He is the finest marathon runner of all time. That’s about all you can say about Kenya’s Eliud Kipchoge, who essentially led from start to finish at the 39th London Marathon and authored the second-fastest time in history at 2:02:37.
From the start, Kipchoge was part of the lead pack of about nine runners, and never wavered. The group crossed the halfway mark together in 1:01:37, indicating a course record was possible; Kipchoge had the standard at 2:03:05 from his 2016 victory. But the next 5 km winnowed the field, as only Ethiopians Tola Shura Kitata, Mosinet Geremew and Leul Gebresilasie could stay close. Ethiopian Mule Wasihun and British favorite Mo Farah dropped back by five seconds and had to work hard to maintain contact.
Gebresilasie dropped back and Wasihun moved up by 30 km and the top four ran together through the 35 km mark. Now the pressure increased and Kipchoge was able to break everyone except Geremew by 40 km. And then, in marathon terms, the Kenyan turned on the jets, finishing the last 2.2 km in 6:18 compared to 6:33 for Geremew and creating the final 18-second difference at the finish line.
Kipchoge’s 2:02:37 trails only his Berlin world record of 2:01:39 from 2018 and gives him three of the top six performances of all time. He’s now run 12 career marathons and won 11 and has a 10-race winning streak. He’s 34 and shows no signs of slowing down.
Geremew, just 27, was spectacular, too, at 2:02:55, no. 3 ever and a national record, breaking Kenenisa Bekele’s mark of 2:03:03 from 2016. Wasihun finished third in 2:03:16 and moved to seventh on the all-time list.
Kipchoge will also have to talk to his accountant about his tax situation after breaking the bank with his run. He won:
● $55,000 first prize
● $25,000 course record
● $100,000 for a sub-2:05:00 finishing time.
That’s $180,000 for the race. There was a lot of bonus money paid out as the first three finishers all collected the $100,000 time bonus for a sub-2:05 finish and Kitata and Farah both won $75,000 for their sub-2:06 runs.
The women’s race featured an early breakaway from Australia’s 42-year-old Sinead Diver, who ran away from the pack after the 10 km mark and had a 16-second lead at the halfway mark. This couldn’t last for someone who had only broken 2:30 in 2018, right?
She came back to reality after the halfway mark and was eighth and fading by 25 km, leaving a lead pack of seven that included 2017 winner and course-record holder Mary Keitany (KEN). But then Kenyan Brigid Koskei, who had finished first or second in eight of her nine career marathons, took over.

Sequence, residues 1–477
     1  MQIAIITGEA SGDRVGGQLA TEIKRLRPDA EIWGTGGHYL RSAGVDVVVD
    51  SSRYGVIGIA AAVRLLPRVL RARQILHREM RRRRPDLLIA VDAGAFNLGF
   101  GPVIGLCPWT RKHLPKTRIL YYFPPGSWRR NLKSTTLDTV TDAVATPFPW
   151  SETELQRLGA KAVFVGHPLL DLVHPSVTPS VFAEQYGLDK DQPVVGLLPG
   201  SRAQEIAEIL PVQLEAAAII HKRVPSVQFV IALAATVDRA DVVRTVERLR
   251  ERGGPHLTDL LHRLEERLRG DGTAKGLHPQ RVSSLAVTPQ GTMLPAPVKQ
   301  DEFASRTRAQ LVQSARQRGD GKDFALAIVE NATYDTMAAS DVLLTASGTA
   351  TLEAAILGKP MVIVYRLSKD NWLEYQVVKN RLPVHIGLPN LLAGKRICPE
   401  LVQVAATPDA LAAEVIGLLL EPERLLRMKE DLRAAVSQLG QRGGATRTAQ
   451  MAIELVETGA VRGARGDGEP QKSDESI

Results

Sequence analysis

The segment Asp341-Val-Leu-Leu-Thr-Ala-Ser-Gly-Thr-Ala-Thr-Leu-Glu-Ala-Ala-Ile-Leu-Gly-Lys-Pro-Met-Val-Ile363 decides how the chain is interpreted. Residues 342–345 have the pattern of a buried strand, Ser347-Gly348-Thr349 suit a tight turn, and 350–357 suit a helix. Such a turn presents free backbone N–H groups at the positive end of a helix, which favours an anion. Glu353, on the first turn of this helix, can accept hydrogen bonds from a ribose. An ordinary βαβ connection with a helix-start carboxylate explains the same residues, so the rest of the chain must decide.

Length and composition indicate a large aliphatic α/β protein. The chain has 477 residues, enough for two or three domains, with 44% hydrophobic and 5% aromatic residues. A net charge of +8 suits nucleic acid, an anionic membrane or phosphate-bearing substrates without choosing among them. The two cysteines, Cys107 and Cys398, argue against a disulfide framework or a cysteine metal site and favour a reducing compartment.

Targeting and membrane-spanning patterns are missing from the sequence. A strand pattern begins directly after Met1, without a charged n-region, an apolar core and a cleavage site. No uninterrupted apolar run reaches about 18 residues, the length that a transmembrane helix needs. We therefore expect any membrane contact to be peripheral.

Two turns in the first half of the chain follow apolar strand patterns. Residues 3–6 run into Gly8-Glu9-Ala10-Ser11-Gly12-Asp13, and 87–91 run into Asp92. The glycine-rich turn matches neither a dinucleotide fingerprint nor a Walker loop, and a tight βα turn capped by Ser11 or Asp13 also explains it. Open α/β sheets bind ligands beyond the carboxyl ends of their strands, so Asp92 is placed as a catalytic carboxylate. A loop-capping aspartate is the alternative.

Between 25 km and 30 km, Kosgei dropped a 15:37 bomb on the field and ran away from everyone except defending champ Vivian Cheruiyot (KEN). Kosgei continued with a small lead through 35 km, then ran her fastest split of the race – 15:32 – between 35 km and 40 km and sealed her sixth career win in 10 career marathons.
Kosgei kept motoring to the finish as Cheruiyot lost ground and at the finish, the gap was a startling 1:54 as Kosgei won in 2:18:20, the ninth-fastest time in history, making Kosgei no. 7 all-time, moving just ahead of Cheruiyot on the all-time list! Cheruiyot finished in 2:20:14, and Diver held on to finish seventh in 2:24:11, a lifetime best by more than a minute, making her no. 3 all-time in Australia!
Kosgei won $55,000 for finishing first and a time bonus of $75,000 for running sub-2:20.
The top American finishers included Emily Sisson with a very impressive marathon debut in sixth at 2:23:08 – no. 7 all-time U.S. – and Molly Huddle with a lifetime best in 12th at 2:26:33. The top U.S. man in the race was Colin Leak in 24th at 2:15:02. Summaries:
World Marathon Majors/London Marathon
London (GBR) ~ 28 April 2019
(Full results here)
Men: 1. Eliud Kipchoge (KEN), 2:02:37; 2. Mosinet Geremew (ETH), 2:02:55; 3. Mule Wasihun (ETH), 2:03:16; 4. Tola Shura Kitata (ETH), 2:05:01; 5. Mo Farah (GBR), 2:05:39; 6. Tamirat Tola (ETH), 2:06:57; 7. Bashir Abdi (BEL), 2:07:03; 8. Leul Gebresilasie (ETH), 2:07:15; 9. Yassine Rachik (ITA), 2:08:05; 10. Callum Hawkins (GBR), 2:08:14. Also in the top 25: 24. Colin Leak (USA), 2:15:02.
Women: 1. Brigid Kosgei (KEN), 2:18:20; 2. Vivian Cheruiyot (KEN), 2:20:14; 3. Roza Dereje (ETH), 2:20:51; 4. Gladys Cherono (KEN), 2:20:52; 5. Mary Keitany (KEN), 2:20:58; 6. Emily Sisson (USA), 2:23:08; 7. Sinead Diver (AUS), 2:24:11; 8. Carla Salome Rocha (POR), 2:24:47; 9. Birhane Dibaba (ETH), 2:25:04; 10. Charlotte Purdue (GBR), 2:25:38. Also in the top 25: 12. Molly Huddle (USA), 2:26:33.